Alicia Robinson, a 2014 graduate of Garinger High School in Charlotte, North Carolina, never knew Mike Smith, who graduated 50 years before she did. If she had, Robinson would have liked and respected him. “Pinky,” as his friends at Garinger called him, was a tough cookie, a hard worker and well-liked by all who knew him.
His closest buddy, Marine Vietnam veteran Don Mullis, said Pinky was walking to his own graduation when Don and his family picked him up on the street and took him to the ceremony. After graduating from Garinger in 1964, Smith enlisted in the Marines and served in Vietnam as a member of B Company, 1st Reconnaissance Battalion, 1st Marine Division. In May 1967, he was killed in Quang Nam province in northern South Vietnam. Friends from Garinger mourned his loss then—and still do.
Since the summer of 2014, Robinson and Smith have been indelibly linked. In August 2014, the Garinger Education Foundation, headed at the time by 1964 graduate and Air Force veteran Ron Tucker, erected a 6-foot-tall, 3-foot-wide granite monument in front of the school, engraved with the names of the 15 Garinger men then known to have been killed in action during the Vietnam War.
But the foundation, a nonprofit established to support the school’s students, wanted to do more than remember the Vietnam KIA with a monument. It decided to also honor them with scholarships, granted in their memory, to help Garinger graduates headed to college.
When Robinson went to Winston-Salem State University in 2014, she did so with a $2,000 scholarship in honor of Michael “Pinky” Smith and wearing a bracelet that bore his name. Fourteen additional scholarships were awarded to deserving students on their way to college, in memory of the other 14 Garinger men on the Vietnam monument.
Robinson graduated from college in spring 2018 and is teaching elementary school children in Charlotte. So long as she teaches children, Robinson has been told, the memory of Pinky Smith will continue to live in her. Significantly for students from a rough area of town, 11 of the 15 young people awarded scholarships in 2014 graduated from college in 2018—an impressive percentage for any demographic group.
The idea for some kind of memorial had been dwelling in Tucker’s mind for a long time. One of his first cousins, Perry Dean James from Baltimore, was killed while serving with the 1st Battalion, 9th Marine Regiment, 3rd Marine Division. And in the early 1970s, he bumped into a school buddy, a Marine suffering the effects of wounds as well as depression. Tucker, stationed in South Korea during his Air Force service, hoped that someday he could do something for the men who served in Vietnam—those who made it back and those who didn’t.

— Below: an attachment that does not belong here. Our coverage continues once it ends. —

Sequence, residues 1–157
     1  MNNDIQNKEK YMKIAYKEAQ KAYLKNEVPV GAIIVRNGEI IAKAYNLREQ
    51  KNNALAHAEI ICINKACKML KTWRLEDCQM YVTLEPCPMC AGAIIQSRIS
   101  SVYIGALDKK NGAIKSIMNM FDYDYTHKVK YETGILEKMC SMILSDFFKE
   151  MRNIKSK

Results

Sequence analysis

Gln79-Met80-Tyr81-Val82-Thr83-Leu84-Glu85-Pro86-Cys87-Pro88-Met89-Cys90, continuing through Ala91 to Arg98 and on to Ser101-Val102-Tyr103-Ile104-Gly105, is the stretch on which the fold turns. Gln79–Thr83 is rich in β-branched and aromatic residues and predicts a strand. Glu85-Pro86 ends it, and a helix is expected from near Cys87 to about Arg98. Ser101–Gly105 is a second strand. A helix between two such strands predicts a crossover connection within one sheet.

The Garinger Class of 1963, at its 50th reunion in 2013, decided to award scholarships to graduates of the school through a program sponsored by a newly formed alumni organization, the Garinger Education Foundation. Tucker contacted the foundation and was given the job of leading it. He proposed awarding $2,000 annual scholarships (later increased to $2,500) in memory of the 15 men known to have died in Vietnam.
Tucker also broached the idea of a Vietnam memorial on the school grounds, with the names of the KIA engraved on the monument. His proposal, endorsed by the school and foundation, was approved by Charlotte-Mecklenburg Schools, the local public school system. The monument was dedicated on Aug. 8, 2014.
The families of all 15 men were contacted, and 13 families attended the service, along with 500 other people. The 82nd Airborne Division band played at the dedication. The event was filled with emotion for the families, those who worked on the monument and especially those of us who knew and loved our buddies listed on the memorial.
In 2016, after learning of three additional men who needed to be added to the memorial, the Garinger foundation had those names engraved on the monument. A dedication for them was held on May 22, 2016. Scholarships were awarded in memory of those men as well.
Besides the scholarships for all 18 Garinger men whose names grace the memorial, the foundation awards about 50 additional scholarships (some sponsored by other institutions) each year to graduates headed mainly to community colleges in the area. The top 18 graduating seniors each receive a certificate and bracelet in memory of a Vietnam KIA.
The 18 men whose names have been engraved on the Garinger Vietnam memorial are: Michael Ray Smith, Archie Monroe Carlyle, Daryl Lee Davis, James Randall Williams, Fred Melvin Wrenn, Donald Ray Chamblin Jr., Ronald Devone Griffin, William Samuel Irby, Terry Alan Hodges, George Michael Price, Robert Merrill Campbell, Glenn Richard Cook, Robert Lane Fallows, Ansel Wendell Morse, Johnny Saxon, William Allen Johnson, Royd Steve Kerly Jr. and Robert Harold Petit.
On the back of the monument is the fourth verse of English poet Laurence Binyon’s famous 1914 poem, “For the Fallen”:
They shall grow not old, as we that are left grow old:
Age shall not weary them, nor the years condemn.
At the going down of the sun and in the morning
We will remember them.
Those of us who were privileged to know the Garinger men and worked on this project visit it with emotion and honor on a frequent basis.
Larry Walker, an active duty Marine 1964-68, served with Marine All Weather Fighter Squadron 235, part of the 1st Marine Air Wing, III Marine Amphibious Force, at Da Nang in 1966. He was a corporal when released from active duty.
Do you have reflections on the war, you would like to share? Email your idea or article to [email protected], subject line: Reflections
This feature originally appeared in the April 2020 issue of Vietnam magazine. To subscribe, click here.